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            The tumorigenic liver fluke Opisthorchis viverrini--multiple pathways to cancer.

            Liver fluke infection caused by Opisthorchis viverrini is a major public health problem in Thailand and adjacent countries. In addition to infection-associated morbidity, infection with O. viverrini and the related Clonorchis sinensis are unarguable risk factors for cholangiocarcinoma (CAA, bile-duct cancer). Here we review the pathogenesis of opisthorchiasis and the association between O. viverrini infection and bile-duct cancer, focusing on the molecular parallels between wound healing, chronic inflammation, and cancer development. We review a schema for human disease progression from fluke infection, chronic opisthorchiasis, advanced periductal fibrosis, and cholangiocarcinogenesis, and present a rationale for biomarker discovery to facilitate early intervention. We conclude by addressing post-genomic advances with a view to developing new control strategies to combat this infectious cancer. Copyright © 2012 Elsevier Ltd. All rights reserved.
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              Statistical heterogeneity in systematic reviews of clinical trials: a critical appraisal of guidelines and practice.

              Heterogeneity between study results can be a problem in any systematic review or meta-analysis of clinical trials. Identifying its presence, investigating its cause and correctly accounting for it in analyses all involve difficult decisions for the researcher. Our objectives were: to collate recommendations on the subject of dealing with heterogeneity in systematic reviews of clinical trials; to investigate current practice in addressing heterogeneity in Cochrane reviews; and to compare current practice with recommendations. We review guidelines for those undertaking systematic reviews and examine how heterogeneity is addressed in practice in a sample of systematic reviews, and their protocols, from the Cochrane Database of Systematic Reviews. Advice to reviewers is on the whole consistent and sensible. However, examination of a sample of Cochrane protocols and reviews demonstrates that the advice is difficult to follow given the small numbers of studies identified in many systematic reviews, the difficulty of pre-specifying important effect modifiers for subgroup analysis or meta-regression and the unresolved debate concerning fixed versus random effects meta-analyses. There was disagreement between protocols and reviews, often either regarding choice of important potential effect modifiers or due to the review identifying too few studies to perform planned analyses. Guidelines that address practical issues are required to reduce the risk of spurious findings from investigations of heterogeneity. This may involve discouraging statistical investigations such as subgroup analyses and meta-regression, rather than simply adopting a cautious approach to their interpretation, unless a large number of studies is available. The notion of a priori specification of potential effect modifiers for a retrospective review of studies is ill-defined, and the appropriateness of using a statistical test for heterogeneity to decide between analysis strategies is suspect.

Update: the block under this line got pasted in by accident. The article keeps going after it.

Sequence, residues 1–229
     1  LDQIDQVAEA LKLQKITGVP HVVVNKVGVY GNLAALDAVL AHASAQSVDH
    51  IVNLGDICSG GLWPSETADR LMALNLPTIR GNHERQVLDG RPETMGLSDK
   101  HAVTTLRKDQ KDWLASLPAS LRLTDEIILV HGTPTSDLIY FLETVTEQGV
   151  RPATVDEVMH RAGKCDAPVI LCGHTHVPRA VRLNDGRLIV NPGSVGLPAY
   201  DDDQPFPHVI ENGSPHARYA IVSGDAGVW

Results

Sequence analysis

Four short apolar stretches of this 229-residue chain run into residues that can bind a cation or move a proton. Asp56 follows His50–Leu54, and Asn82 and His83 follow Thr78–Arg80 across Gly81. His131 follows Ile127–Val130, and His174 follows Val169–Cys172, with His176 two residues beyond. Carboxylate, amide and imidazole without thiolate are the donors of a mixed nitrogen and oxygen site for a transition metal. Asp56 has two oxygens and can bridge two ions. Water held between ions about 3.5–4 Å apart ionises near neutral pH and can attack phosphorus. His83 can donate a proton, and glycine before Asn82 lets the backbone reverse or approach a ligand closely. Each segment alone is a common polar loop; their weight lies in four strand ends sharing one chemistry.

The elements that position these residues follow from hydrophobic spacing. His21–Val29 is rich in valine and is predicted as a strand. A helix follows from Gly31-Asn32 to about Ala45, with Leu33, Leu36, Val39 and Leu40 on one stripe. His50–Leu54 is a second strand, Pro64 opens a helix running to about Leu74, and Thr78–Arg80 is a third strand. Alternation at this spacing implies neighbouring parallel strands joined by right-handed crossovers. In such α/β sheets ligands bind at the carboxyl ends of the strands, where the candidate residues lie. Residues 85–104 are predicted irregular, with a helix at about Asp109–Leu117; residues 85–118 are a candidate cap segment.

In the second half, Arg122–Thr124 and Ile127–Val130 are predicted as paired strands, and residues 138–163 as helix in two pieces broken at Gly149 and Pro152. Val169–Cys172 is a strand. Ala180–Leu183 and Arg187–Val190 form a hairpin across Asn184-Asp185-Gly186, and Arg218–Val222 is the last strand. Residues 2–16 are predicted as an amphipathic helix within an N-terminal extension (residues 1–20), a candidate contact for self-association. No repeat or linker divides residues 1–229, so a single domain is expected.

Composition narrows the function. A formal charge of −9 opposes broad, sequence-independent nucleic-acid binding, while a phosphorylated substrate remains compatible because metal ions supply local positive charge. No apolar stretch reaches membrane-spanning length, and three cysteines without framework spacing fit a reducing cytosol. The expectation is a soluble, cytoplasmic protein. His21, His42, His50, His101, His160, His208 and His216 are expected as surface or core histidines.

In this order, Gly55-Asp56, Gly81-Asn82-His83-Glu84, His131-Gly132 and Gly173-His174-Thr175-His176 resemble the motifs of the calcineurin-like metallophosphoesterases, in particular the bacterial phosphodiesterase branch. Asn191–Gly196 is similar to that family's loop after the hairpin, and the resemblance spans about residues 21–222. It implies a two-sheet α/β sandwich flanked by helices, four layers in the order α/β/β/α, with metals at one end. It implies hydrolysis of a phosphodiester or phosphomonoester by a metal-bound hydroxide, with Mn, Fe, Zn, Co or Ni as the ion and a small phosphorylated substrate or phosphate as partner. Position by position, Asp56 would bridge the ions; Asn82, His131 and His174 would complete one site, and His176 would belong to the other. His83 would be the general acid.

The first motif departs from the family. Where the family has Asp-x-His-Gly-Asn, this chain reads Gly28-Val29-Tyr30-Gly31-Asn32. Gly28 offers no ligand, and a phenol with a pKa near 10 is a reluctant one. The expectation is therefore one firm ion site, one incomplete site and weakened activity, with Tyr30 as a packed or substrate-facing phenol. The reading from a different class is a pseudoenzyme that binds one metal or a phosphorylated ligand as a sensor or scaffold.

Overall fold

Author and article information

                Role: Editor
                PLoS One
                PLoS ONE
                PLoS ONE
                Public Library of Science (San Francisco, CA USA )
                17 July 2015
                : 10
                : 7
                Department of Pathogen Biology, Guangdong Provincial Key Laboratory of Tropical Disease Research, School of Public Health and Tropical Medicine, Southern Medical University, Guangzhou, Guangdong, the People’s Republic of China
                Hebrew University, ISRAEL
                Author notes

                Competing Interests: The authors have declared that no competing interests exist.

                Conceived and designed the experiments: JX SCJ HJP. Performed the experiments: JX SCJ. Analyzed the data: JX SCJ. Contributed reagents/materials/analysis tools: JX. Wrote the paper: JX SCJ. Data collection: JX SCJ HJP. Manuscript revision: SCJ. Data proofing: HJP. Manuscript submission: HJP.


                This is an open access article distributed under the terms of the Creative Commons Attribution License, which permits unrestricted use, distribution, and reproduction in any medium, provided the original author and source are credited

                Page count
                Figures: 6, Tables: 4, Pages: 19
                This research was supported by the funding of National Natural Science Foundation of China (no. 81271866), and Guangdong Province Universities and Colleges Pearl River Scholar Funded Scheme (2014) to HJP. The funders had no role in study design, data collection and analysis, decision to publish, or preparation of the manuscript.
                Research Article